• The Wait Is Over. From this thread, orders for the 2023 BladeForums Traditional Knife are open & here's your handy order button.
    OPEN TO ALL MEMBERS WITH GOLD OR HIGHER PAID SUBSCRIPTIONS OR have 25+ posts in the Traditional Forum Preorder price is $160 shipped CONUS, price increase on 9/25 11:59PM when ordering opens to anyone on the forums
    User Name

knives are evil? why?

my coworekrs always jump back and look scared when I pull out my folder to open a box. its not even anything like a switchblade.

why do people do this? do you guys know of a knife i can get that probably wont scare tham. one that is easier to open than a swiis army knife?
What kind of knife are you carrying? I bought a Buck 112FG but haven't tried it on the masses yet, I was banking on it being an old standard and it looks "pretty" with the brass bolsters. The real test is when I carry to
Church, this is the ultimate. If it passes that muster than it is good to go.


There's probably nothing you can really do, unfortunately. I have the same problems with people. I whip out a folding knife for small cutting job and i get berrated for having a knife on me, and 'that's why there's crime!' 'people think they can just walk around with knives freely!' screamed into my ear. Get a GRIP PEOPLE!
Try using "gentleperson" knives like the Mel Pardue Benchmade 330 and 850. The 330 has G-10 scales covering about half of the handle, and the rest made of titanium. Has a 2.3" blade that doesn't look very threatening at all, especially combined with the non-tactical looking handle. The 850 looks even less threatening, because it looks almost like an art folder in a way. Ivory micarta handle and 2.7" blade. Both blades are made in ATS-34. Most people who have experience with this knife say it's extremely lightweight and very easy to use.

In addition to getting a non-threatening looking knife, you should try looking non-threatening yourself. When you present a one-hand opening knife, make sure you don't push the blade out too fast because sudden motions attract attention. Open it casually, but still slowly, drawing as little attention as possible, and calmy cut away at whatever you need to cut. Vicious cutting motions tend to also attract attention, so bring the blade slowly across whatever you are cutting, otherwise people start to look at you funny. I've found that you can open some lockbacks silently if you squeeze locking mechanism part with your palm tightly once you have the blade most of the way out. Then you can proceed to finish up opening the blade with your thumb and make minimal noise as the fleshy part of your palm is pressing lightly against the locking mechanism. With liner locks, you can still experiment on methods to open it silently. If you open it silently, knife-non-proficient people won't even think it locks, and so their perception of the knife as a weapon becomes less. Am I making any sense?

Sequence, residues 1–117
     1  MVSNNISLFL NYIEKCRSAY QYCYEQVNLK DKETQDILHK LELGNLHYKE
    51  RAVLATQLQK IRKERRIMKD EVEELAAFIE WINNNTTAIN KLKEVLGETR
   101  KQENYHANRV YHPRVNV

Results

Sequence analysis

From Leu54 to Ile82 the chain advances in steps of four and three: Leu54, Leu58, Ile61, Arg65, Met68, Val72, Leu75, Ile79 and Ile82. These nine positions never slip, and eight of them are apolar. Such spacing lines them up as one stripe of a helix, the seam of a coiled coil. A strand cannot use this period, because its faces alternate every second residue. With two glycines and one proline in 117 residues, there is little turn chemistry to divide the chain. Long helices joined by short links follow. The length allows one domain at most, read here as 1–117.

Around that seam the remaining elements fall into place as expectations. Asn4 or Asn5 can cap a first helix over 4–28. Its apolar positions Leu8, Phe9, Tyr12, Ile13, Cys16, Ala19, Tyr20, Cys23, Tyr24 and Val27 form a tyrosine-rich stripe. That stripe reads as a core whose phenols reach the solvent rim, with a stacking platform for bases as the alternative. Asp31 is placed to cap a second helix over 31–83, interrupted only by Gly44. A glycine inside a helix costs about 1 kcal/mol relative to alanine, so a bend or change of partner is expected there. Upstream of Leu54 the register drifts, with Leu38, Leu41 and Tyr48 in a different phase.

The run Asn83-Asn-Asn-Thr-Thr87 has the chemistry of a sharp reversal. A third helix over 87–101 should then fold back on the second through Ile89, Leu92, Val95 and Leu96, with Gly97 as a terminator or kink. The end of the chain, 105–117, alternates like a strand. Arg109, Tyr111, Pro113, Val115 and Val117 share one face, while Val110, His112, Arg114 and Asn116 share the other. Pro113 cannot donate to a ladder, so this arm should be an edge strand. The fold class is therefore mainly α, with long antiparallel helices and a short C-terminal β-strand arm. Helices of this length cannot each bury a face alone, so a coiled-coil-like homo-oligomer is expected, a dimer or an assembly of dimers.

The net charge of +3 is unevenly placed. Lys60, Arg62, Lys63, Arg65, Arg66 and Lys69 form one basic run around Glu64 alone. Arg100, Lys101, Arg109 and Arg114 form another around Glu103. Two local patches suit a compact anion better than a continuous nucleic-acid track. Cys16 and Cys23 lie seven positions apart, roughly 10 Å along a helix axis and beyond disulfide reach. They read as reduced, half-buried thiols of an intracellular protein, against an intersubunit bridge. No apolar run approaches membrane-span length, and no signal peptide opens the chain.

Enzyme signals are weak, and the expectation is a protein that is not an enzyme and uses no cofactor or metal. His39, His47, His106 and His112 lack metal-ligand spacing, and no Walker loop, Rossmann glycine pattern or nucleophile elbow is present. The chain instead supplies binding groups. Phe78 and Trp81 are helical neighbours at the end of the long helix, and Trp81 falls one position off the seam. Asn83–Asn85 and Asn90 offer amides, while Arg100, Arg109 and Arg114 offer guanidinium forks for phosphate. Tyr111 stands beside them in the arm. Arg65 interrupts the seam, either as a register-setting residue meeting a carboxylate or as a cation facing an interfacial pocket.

Oh well, hope my babbling helps.
Comrade Chang
Hi Makwakee, Not too sure what your actual blade size needs are at work but would a smaller blade work OK? Yesterday I got my Buck Master Series Squire in the mail and everyone I showed the knife to today was impressed. It's very non intimidating looking piece. The dyamond paka scales, the polished nickel bushings make this a striking looking knife. For blade performance it has a BG-42 blade and I didn't have a problem cutting a thing today. Check it out.

Greg Mete
Kodiak Alaska

[This message has been edited by Kodiak PA (edited 07 December 1998).]
I would take the opportunity to educate them on the many uses of such a versetile tool. Most people find that once they start carrying a knife and using it, they wonder how they ever got along with out one.

if that doesn't work...screw 'em. as long as you are using a legal knife in an appropriate manner, let the masses think what they will. I am sure that the knife issue is not the only one that you would find you disagree on.

Take care
I think its a lost cause.
Everything these days has "hidden" meanings or is indicative of some kind of social pathology. PC runs rampant and damn reality.

Women thinking telephone poles and the Washington monument are sexist statements as NOW wants us to believe. Carrying and having for use a knife indicates a degree of sociopathy, regardless whether nature, manufactured boxes and envelopes know it or not.